Common sense, as Albert Einstein may or may not have said to the editor of Life magazine, is nothing more than the deposit of prejudices laid down in the mind prior to the age of eighteen. Twentieth century physics is the abode of many monsters, and Cook describes a few, such as the one labeled the Relativity of Simultaneity. Alice is standing in the middle of a train car that has lights at both ends and is barreling down a straight track as it passes a station. When Alice is aligned with the station’s sign, she flips a switch, and sees the lights go on simultaneously. But Bob, standing next to the sign, sees the tail light come on first, and then the head light. General relativity is a rather complex subject, so Cook does not address the question of who is “right” in this monster, but that issue is inescapable in the Twin Paradox, which concerns two twins, one of whom takes an extended trip on a space ship going nearly the speed of light and returns ... not as aged as the twin who stayed home. That required some general relativistic explanation, and Cook makes a go of it in the typical qualitative way and mentions that particle physicists have found that speeding unstable particles decay more slowly, confirming that the monstrous situation is real.

Some of the paradoxes are popular errors, notably the proof by induction that all horses are of the same color, a proof that may look convincing until a student tries to prove that all horses are brown. There are two proofs that \( 0 = 1 \), and Cook includes the Monty Hall Paradox. That paradox is fun because it featured credentialed experts being very wrong in public (a bit of historical context that Cook doesn’t mention, alas). In Monty Hall’s game show, *Let’s Make a Deal*, a preposterously dressed contestant would be offered a choice of three boxes, one containing a brand new luxury sedan, and the other two containing goats. The contestant would choose a box, but before it is opened, Hall would open one of the other two boxes and voilá! A goat. Then Hall would ask the contestant if (s)he wants to keep the chosen box, or switch to the unchosen and still closed box. So, what should the contestant do? The columnist Marilyn Mach, a.k.a. Marilyn vos Savant, correctly concluded that the unchosen, unopened box had a 2/3 probability of containing the sedan.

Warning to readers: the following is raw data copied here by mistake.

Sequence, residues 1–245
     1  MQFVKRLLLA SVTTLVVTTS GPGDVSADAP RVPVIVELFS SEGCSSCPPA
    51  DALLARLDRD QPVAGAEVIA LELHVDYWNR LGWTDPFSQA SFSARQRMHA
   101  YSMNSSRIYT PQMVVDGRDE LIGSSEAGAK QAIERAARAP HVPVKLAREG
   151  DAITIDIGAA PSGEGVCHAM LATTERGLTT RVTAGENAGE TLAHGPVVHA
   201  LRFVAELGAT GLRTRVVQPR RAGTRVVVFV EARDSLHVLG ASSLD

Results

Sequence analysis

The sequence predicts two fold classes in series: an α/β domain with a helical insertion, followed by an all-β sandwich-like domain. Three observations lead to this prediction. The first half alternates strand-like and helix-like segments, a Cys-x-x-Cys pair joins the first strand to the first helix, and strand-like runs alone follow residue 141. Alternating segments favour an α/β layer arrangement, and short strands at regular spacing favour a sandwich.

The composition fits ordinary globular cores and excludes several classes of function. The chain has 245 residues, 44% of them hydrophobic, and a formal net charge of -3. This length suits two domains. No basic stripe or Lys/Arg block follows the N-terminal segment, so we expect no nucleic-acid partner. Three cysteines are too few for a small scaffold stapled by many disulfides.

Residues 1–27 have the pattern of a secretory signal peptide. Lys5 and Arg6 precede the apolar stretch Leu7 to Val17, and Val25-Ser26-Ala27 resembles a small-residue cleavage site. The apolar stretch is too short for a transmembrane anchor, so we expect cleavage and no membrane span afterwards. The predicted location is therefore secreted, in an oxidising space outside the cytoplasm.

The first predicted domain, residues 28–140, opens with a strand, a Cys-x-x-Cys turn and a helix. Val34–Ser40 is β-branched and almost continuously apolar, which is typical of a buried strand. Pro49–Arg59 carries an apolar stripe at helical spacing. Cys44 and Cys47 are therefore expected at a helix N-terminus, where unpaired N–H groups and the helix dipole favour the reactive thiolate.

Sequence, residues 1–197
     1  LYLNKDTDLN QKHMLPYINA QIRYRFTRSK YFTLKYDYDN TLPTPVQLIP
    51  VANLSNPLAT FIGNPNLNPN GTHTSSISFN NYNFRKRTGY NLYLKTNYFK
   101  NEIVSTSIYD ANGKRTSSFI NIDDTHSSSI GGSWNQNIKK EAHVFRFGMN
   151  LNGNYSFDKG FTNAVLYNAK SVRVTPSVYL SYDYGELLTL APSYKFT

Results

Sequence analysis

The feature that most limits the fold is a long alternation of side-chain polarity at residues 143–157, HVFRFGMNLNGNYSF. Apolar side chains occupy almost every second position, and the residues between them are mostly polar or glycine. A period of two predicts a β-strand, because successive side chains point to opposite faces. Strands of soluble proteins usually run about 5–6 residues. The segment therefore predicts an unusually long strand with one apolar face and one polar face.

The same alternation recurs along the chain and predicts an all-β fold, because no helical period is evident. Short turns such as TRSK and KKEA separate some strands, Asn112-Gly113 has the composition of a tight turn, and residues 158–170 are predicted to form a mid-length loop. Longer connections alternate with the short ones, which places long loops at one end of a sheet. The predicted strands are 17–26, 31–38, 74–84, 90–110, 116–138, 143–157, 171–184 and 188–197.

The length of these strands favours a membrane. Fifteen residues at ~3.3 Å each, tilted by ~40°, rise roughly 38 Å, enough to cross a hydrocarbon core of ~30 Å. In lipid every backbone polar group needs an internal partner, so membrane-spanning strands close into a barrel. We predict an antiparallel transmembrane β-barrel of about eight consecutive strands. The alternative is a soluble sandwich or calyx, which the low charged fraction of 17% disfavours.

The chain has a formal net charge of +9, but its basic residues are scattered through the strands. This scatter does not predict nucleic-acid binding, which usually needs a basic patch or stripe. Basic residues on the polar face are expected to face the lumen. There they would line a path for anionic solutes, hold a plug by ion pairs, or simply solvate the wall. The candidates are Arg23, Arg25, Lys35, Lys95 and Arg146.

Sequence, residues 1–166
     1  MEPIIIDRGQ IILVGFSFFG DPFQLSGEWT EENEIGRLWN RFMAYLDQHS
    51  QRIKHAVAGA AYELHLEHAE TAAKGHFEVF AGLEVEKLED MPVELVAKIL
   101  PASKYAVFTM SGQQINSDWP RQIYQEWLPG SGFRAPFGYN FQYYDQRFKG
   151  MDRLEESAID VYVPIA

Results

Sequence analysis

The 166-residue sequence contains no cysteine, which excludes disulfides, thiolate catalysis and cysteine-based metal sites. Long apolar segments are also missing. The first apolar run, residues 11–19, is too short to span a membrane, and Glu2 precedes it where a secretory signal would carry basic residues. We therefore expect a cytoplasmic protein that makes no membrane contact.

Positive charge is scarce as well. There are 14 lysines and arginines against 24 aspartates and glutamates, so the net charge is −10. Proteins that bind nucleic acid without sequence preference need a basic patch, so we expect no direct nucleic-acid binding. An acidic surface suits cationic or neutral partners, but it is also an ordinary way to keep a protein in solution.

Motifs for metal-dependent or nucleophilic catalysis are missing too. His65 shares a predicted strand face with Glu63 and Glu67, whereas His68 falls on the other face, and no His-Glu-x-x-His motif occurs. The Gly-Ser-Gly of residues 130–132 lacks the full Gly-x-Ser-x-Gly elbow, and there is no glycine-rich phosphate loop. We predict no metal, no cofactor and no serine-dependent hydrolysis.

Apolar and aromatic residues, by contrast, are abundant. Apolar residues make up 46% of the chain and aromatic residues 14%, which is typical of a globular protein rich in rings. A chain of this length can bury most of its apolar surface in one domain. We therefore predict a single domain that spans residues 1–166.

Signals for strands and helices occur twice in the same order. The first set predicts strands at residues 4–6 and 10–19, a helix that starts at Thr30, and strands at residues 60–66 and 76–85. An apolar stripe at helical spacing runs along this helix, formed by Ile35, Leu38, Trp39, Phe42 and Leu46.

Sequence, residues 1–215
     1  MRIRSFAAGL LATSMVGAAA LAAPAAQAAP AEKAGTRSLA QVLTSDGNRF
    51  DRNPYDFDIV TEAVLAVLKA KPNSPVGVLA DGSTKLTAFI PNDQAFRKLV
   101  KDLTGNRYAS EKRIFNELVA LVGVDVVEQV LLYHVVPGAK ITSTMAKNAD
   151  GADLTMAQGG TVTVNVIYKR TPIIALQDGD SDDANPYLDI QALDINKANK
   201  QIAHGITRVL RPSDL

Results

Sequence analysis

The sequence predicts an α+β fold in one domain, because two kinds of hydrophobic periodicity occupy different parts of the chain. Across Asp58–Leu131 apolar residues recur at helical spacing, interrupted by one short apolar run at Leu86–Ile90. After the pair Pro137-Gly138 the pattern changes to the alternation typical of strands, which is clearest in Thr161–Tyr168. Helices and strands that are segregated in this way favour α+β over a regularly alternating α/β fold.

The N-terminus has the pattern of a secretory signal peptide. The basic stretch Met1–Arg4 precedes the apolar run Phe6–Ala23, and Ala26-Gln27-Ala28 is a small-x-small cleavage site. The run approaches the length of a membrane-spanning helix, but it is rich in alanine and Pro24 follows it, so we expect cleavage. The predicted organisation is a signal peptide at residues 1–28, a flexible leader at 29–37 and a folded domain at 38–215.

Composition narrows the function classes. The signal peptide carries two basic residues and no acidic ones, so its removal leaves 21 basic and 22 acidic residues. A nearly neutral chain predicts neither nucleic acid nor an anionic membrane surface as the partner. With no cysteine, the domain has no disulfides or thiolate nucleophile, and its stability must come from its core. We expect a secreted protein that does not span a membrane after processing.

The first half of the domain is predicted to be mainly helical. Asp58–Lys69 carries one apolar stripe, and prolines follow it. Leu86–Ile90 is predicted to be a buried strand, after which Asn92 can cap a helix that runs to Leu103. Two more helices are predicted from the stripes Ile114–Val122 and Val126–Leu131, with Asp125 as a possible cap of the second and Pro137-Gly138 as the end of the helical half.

This book is fun to read, and in the end, Cook does glance at the stakes of the issue, but only glancingly. Whether mathematics is independent of Humanity or a cultural construct is an ancient debate, and Cook presents the familiar argument that mathematics works, which suggests that it is real, but he does not go to the significance of paradoxes. Cook cites Ayn Rand frequently in this book, and Rand is notable for her optimism

about the powers of Reason. But Reason leads us to strange places. For example, in his encounter with the Banach-Tarski Paradox (a solid ball can be dismantled and reassembled into two solid balls, each the same volume as the original), Richard Feynman, in his *Surely You’re Joking, Mr. Feynman*, observed that one cannot actually reassemble an orange this way. The apparatus of points in space, and the assertion of the existence of an undefined disassembly process courtesy of the Axiom of Choice, seems a bit like a word game. In fact, one is reminded of Richard Hamming’s remark that, “If the design of this airplane depends on the difference between the Riemann and Lebesgue integral, I don’t want to fly it.”

And there’s the rub. Aristotle and Euclid may, in theory, have sold us on the metaphor of a logical argument as a mechanically checkable chain whose soundness depends solely on the soundness of each link, but the primate inside us relies on its intuition. Reason is one of our primary tools for running a complex technical society, but contradictions suggest that there are limits to what Reason can give us, while monsters and recurring errors are warnings from our inner primate.

This is a fun book, and a useful one with many important paradoxes and many that the reader will not have heard of. It does not provide philosophical or historical context - that would have made the book at least twice as long - but it is useful in bringing these problematica into one place.

Greg McColm (

mccolm@usf.edu) is an associate professor of mathematics & statistics at the University of South Florida. Originally working in logic and computer science, he shifted to geometry with applications to crystallography and nanoscience.